I know you probably don’t want to talk about incontinence. In fact, it’s possibly the last thing you want to talk about – but during menopause it really can be a ‘thing’.
One of the many that nobody talks about. However, incontinence or ‘just-gotta-go-now’ is one of the signs of menopause. It’s very common.
Argh, I hear you cry.
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Let’s take a look at the why’s and wherefores because knowledge is a wonderful thing.
Firstly, know that it’s the changes in our bodies that cause urinary issues.
To elaborate, the menopausal years are a time when our ovarian estrogen production diminishes. When we lose estrogen our vagina becomes less elastic. According to WebMD the lining of your urethra, the tube that empties urine from our bladder, begins to thin.
Another thing that happens is a weakening of our pelvic floor – muscles that support our urethra and bladder. This also happens with age and giving birth.
We may experience a number of different types of incontinence:
You know the one? You laugh, cough or sneeze and ‘oops’ a leak! Or you’re lifting something heavy? This often happens after giving birth as well.
Oh, this one’s a doozy. The ‘urge’ comes on without warning and you just have to go. It doesn’t care where you are or what you’re doing. WebMD says this is often called an ‘irritable’ or ‘overactive’ bladder as well.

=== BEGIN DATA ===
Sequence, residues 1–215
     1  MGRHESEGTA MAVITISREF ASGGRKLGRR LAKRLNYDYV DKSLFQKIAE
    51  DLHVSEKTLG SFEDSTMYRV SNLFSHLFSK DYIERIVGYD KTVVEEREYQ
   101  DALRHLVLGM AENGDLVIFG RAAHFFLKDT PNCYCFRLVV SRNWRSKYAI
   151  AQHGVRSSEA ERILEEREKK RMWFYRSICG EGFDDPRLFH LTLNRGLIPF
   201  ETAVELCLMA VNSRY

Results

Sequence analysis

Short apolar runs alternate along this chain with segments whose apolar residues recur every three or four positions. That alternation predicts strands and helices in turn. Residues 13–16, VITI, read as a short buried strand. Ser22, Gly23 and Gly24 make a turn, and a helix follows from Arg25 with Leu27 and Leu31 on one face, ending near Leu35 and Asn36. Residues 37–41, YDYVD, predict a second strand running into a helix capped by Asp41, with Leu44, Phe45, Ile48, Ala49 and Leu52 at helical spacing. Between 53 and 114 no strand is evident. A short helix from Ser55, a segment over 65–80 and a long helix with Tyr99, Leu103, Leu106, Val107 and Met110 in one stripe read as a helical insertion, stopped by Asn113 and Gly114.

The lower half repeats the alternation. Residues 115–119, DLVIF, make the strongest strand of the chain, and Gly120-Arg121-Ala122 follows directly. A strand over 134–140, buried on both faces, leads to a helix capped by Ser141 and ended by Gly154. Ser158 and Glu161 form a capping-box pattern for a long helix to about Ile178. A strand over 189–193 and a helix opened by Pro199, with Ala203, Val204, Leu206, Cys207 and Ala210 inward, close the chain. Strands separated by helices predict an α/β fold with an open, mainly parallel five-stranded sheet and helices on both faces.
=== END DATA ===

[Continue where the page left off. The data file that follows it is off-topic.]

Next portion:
Have you heard of this one? I hadn’t either, but it’s when you wake up several times during the night and have to go to the bathroom.
When we were in our 20s this was referred to as ‘honeymoon disease’ but now we’re in the meno years it’s just called discomfort! Most of us are familiar with the discomfort of UTI’s or urinary tract disease (aka cystitis), and we become more prone to them during menopause.
What can you do?
- Maintain a healthy weight. Extra weight equates to more pressure on your bladder. End of story.
- Check your liquid intake. Some drinks, like coffee, are diuretics and fill your bladder quickly. Fizzy drinks and alcohol do the same thing. Alcohol makes the bladder more sensitive. Water is best. Of course, it fills the bladder as well but it causes fewer side effects.
- Have a cut-off time for what you drink during the evening. This helps to stop night waking.
- Exercise your pelvic floor. Kegel exercises tighten your pelvic floor muscles which can have many other benefits as well as bladder control. You can learn how to do them by stopping your urine mid-flow. Once you’ve got the hang of it do your Kegels while you’re driving, sitting or whenever you think of it. Start with 10 two or three times a day and build up.
- Zinc, vitamins C and D, magnesium and D-Mannose have all been found to be helpful with incontinence. The D-Mannose is particularly helpful for urinary tract infections (UTI’s).
- Invest in an Elvie. Australia. New Zealand.
- Invest in some pads or special panties.
NB: don’t make a habit of doing your kegel’s on the loo, as it’s not a good idea to block your flow routinely.